by John R. Fischer
, Senior Reporter | May 19, 2020
Applying robotic percutaneous coronary intervention exposes patients to 20% less exposure compared to manual PCI, says a new study by Siemens Healthineers company, Corindus.
The investigators found that using a robotic PCI solution like Corindus’ CorPath GRX System cuts the amount of exposure for patients without increasing fluoroscopy time or contrast utilization. Their paper is titled, Comparison of Robotic Percutaneous Coronary Intervention with Traditional Percutaneous Coronary Intervention: A Propensity Score-Matched Analysis of a Large Cohort
“CorPath GRX is designed to remove the physician from the radiation field during the procedure,” Corindus CEO Mark Toland told HCB News. “They control the robot while watching a high-definition monitor from behind a protective shield or inside a control room adjacent to the lab. This reduces physician radiation exposure by over 95%.”
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Fluoroscopy systems expose interventional cardiology patients to more radiation than any other medical specialty, putting them at increased risk for cancer, cataracts, and other radiation-related illnesses. The authors note that raising the table, and hence, the patient, away from the radiation source is associated with minimized dose exposure. Robotics can perform this maneuver without limiting the operator’s ability to work, as the devices are being held and driven inside the robot.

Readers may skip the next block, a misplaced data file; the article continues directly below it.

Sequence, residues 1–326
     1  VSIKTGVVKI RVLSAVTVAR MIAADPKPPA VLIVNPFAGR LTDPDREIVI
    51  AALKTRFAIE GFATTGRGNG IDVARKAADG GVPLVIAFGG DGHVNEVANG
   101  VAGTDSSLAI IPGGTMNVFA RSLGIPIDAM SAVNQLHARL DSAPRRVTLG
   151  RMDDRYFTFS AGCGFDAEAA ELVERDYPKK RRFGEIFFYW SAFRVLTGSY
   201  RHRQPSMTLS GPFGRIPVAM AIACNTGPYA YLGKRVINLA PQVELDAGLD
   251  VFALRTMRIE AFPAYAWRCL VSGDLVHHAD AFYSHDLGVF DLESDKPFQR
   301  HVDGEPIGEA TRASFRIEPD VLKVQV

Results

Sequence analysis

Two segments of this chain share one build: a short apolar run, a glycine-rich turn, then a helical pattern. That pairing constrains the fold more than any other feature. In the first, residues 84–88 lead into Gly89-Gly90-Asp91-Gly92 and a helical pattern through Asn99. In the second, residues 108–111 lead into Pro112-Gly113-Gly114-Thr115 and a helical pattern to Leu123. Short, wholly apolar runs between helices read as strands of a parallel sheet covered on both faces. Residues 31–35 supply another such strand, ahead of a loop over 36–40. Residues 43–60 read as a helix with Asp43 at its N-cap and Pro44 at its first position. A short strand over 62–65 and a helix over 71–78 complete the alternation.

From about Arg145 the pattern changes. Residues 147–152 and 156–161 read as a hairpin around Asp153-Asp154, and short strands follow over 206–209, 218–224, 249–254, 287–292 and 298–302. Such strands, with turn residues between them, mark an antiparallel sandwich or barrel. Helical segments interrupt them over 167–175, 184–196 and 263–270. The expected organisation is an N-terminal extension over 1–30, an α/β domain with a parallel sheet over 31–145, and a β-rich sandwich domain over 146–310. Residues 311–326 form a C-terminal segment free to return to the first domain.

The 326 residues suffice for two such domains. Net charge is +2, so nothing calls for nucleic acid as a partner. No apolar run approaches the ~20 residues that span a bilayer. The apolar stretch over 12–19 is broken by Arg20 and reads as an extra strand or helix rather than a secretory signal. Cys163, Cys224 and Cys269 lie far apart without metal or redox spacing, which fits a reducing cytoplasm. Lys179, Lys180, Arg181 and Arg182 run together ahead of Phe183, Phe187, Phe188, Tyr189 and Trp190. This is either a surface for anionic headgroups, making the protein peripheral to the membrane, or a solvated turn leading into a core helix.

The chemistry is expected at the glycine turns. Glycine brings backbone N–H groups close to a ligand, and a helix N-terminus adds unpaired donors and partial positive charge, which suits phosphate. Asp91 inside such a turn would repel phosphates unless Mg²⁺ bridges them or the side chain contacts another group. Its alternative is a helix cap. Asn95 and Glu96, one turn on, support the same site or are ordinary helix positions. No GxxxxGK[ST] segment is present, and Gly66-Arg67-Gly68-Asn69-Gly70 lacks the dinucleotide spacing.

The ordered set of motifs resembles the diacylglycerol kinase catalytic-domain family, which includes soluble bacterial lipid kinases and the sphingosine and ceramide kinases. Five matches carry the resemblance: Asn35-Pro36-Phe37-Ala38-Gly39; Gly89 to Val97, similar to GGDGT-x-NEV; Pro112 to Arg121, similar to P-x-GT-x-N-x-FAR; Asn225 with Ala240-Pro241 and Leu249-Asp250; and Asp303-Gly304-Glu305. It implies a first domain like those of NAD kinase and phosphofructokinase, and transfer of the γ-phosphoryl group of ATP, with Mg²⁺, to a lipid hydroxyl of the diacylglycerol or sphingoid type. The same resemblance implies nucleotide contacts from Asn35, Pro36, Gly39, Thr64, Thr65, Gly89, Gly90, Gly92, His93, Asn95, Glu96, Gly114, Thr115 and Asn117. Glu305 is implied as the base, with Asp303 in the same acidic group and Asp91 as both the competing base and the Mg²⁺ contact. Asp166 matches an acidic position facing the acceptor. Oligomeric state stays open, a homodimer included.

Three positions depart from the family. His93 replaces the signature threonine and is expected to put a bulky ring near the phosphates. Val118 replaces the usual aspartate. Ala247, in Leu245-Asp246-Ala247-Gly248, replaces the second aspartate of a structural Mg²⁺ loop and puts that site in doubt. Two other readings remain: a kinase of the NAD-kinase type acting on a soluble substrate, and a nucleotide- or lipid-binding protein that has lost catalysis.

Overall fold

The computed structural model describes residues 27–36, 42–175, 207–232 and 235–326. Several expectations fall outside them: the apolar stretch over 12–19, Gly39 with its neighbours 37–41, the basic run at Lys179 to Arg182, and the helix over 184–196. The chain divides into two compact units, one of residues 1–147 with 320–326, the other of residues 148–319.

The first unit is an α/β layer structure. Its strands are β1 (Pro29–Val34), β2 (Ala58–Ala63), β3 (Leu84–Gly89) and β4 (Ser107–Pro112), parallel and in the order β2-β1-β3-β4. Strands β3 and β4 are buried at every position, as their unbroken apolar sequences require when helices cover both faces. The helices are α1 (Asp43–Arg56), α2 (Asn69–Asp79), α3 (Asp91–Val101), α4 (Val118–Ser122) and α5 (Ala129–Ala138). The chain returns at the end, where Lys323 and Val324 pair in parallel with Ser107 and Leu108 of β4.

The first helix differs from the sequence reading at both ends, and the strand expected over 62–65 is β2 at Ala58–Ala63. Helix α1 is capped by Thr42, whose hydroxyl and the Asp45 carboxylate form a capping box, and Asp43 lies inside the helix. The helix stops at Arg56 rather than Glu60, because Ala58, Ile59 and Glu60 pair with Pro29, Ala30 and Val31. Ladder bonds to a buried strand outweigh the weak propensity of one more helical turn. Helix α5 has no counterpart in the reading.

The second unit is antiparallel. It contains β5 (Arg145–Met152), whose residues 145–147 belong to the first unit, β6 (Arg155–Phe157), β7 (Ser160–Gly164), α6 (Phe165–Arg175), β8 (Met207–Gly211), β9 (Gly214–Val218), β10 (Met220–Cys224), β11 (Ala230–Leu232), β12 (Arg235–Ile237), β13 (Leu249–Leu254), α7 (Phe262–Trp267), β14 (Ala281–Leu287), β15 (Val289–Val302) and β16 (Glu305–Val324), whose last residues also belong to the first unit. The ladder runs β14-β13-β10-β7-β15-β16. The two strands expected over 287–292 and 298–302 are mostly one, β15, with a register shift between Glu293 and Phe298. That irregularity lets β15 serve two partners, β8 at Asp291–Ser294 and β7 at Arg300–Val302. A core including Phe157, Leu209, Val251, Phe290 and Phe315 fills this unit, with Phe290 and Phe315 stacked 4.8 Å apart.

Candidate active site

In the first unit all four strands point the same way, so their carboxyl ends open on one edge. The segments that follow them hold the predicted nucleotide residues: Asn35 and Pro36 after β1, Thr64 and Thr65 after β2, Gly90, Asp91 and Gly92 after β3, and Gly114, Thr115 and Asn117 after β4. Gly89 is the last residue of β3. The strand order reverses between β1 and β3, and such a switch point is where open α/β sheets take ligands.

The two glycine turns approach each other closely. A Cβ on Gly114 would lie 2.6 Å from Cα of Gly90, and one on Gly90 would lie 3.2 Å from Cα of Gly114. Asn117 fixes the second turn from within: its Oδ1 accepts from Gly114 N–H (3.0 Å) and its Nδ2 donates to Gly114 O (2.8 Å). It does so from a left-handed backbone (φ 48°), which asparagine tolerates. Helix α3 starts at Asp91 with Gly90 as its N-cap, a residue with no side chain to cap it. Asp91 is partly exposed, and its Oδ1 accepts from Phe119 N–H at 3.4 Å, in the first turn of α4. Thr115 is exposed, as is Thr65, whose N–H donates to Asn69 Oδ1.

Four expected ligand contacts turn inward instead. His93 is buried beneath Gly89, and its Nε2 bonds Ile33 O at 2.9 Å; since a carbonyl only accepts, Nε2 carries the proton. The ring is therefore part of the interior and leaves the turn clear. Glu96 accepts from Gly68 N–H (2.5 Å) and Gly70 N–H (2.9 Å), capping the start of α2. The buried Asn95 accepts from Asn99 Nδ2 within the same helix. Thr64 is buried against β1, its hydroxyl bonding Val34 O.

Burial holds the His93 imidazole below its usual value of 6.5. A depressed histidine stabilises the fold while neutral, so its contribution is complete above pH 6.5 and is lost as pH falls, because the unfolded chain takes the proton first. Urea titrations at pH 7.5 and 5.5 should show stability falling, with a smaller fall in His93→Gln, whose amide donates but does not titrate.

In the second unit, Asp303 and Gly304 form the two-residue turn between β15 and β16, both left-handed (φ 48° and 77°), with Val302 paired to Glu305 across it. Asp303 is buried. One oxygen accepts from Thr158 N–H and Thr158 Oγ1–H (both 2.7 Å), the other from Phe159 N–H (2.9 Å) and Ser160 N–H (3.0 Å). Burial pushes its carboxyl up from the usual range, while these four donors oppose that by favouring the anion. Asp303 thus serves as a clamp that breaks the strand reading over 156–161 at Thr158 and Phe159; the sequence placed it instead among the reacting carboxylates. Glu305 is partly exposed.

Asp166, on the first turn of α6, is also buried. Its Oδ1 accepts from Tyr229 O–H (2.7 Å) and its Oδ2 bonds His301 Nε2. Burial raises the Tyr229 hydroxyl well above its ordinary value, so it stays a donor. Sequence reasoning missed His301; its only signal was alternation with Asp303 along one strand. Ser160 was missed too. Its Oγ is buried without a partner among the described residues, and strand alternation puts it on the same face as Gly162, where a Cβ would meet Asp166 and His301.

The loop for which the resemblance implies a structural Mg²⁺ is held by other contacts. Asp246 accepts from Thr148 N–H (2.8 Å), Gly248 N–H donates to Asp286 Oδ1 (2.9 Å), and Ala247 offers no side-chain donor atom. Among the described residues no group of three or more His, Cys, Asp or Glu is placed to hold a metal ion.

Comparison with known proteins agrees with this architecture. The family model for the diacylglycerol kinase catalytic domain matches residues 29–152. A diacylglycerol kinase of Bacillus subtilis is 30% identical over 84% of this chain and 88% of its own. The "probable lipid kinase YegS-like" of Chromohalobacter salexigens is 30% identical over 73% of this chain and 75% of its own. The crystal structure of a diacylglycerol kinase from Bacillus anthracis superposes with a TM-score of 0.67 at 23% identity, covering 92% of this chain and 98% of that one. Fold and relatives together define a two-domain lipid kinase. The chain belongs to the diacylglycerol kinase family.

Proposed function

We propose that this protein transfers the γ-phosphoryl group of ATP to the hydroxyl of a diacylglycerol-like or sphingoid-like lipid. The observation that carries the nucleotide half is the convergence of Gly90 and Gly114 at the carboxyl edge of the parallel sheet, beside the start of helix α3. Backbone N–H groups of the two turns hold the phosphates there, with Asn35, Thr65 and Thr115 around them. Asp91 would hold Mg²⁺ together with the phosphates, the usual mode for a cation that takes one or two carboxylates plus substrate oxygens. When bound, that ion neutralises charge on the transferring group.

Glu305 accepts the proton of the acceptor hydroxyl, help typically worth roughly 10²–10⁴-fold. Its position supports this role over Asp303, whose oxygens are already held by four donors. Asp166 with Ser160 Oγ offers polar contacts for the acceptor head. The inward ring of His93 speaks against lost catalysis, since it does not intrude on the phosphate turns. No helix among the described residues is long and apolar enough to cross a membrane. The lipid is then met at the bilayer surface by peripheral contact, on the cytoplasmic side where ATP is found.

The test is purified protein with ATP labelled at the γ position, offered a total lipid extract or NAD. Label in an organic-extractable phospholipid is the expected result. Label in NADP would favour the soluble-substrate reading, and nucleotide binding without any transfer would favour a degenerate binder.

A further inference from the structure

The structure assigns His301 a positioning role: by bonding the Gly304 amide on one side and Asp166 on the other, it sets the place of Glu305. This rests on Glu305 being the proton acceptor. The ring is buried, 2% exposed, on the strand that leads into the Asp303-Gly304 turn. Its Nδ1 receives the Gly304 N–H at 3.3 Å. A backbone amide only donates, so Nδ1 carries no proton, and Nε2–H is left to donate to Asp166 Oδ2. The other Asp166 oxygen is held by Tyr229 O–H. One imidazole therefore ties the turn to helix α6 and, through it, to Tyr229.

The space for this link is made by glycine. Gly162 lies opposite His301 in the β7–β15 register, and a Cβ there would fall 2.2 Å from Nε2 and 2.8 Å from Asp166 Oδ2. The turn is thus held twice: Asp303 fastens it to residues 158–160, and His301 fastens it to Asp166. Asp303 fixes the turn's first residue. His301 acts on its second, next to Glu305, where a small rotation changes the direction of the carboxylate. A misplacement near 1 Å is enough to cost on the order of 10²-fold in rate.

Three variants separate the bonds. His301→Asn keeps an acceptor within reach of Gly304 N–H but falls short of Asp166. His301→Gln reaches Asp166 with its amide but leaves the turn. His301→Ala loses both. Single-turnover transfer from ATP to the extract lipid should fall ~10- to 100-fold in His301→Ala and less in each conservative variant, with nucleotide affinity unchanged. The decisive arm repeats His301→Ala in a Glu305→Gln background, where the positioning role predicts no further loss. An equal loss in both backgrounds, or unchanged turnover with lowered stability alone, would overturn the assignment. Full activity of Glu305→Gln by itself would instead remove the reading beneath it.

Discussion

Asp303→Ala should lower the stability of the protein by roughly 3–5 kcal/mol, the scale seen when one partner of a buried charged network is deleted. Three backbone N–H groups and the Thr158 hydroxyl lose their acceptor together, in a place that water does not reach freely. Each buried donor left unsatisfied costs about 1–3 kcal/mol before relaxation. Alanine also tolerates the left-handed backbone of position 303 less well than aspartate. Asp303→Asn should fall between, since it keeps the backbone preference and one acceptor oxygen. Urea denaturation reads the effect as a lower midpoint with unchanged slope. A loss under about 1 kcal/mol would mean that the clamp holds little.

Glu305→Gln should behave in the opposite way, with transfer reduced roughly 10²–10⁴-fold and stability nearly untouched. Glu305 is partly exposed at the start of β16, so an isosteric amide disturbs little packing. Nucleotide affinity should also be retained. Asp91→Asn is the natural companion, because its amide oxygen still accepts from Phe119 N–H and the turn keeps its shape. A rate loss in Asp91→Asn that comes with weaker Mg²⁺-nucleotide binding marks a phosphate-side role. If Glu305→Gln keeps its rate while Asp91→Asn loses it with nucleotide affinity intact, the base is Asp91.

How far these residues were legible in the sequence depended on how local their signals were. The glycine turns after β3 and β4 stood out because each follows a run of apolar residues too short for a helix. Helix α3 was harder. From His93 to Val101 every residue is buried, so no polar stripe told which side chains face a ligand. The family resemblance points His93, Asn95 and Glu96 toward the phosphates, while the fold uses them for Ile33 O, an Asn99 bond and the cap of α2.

The authors measured air kerma (AK), dose area product (DAP), fluoroscopy time, volume of contrast and total procedural time in a comparison between 310 patients who underwent robotic PCI to 686 who received manual PCI. AK and DAP were significantly lower in the robotic PCI group compared to manual PCI patients, with no difference found in fluoroscopy time and contrast utilization. Total procedural time (minutes), however, was significantly higher in the R-PCI group.
In addition to reducing radiation exposure, the positioning of CorPath GRX provides the operating physician with greater visualization of the case than they would have if using manual PCI, due to closer proximity to the angiographic images. It allows them to limit their own exposure to radiation emitted by the fluoroscopy imaging system, while the patient is in the radiation field during the procedure.
“The pandemic has forced the entire healthcare community to rethink safety measures and consider how we will safely administer care while there is no cure or vaccine for COVID-19,” said Toland. “While the robotic platform was designed to limit patient and physician radiation exposure, it also creates an environment conducive to “procedural distancing” or limiting the patient’s exposure to the physician. As hospitals begin to plan for resuming elective procedures, they will undoubtedly institute guidelines to keep patients separated from hospital staff and physicians as much as possible, and we see robotic platforms playing a major role in that.”
The findings were published in Circulation: Cardiovascular Interventions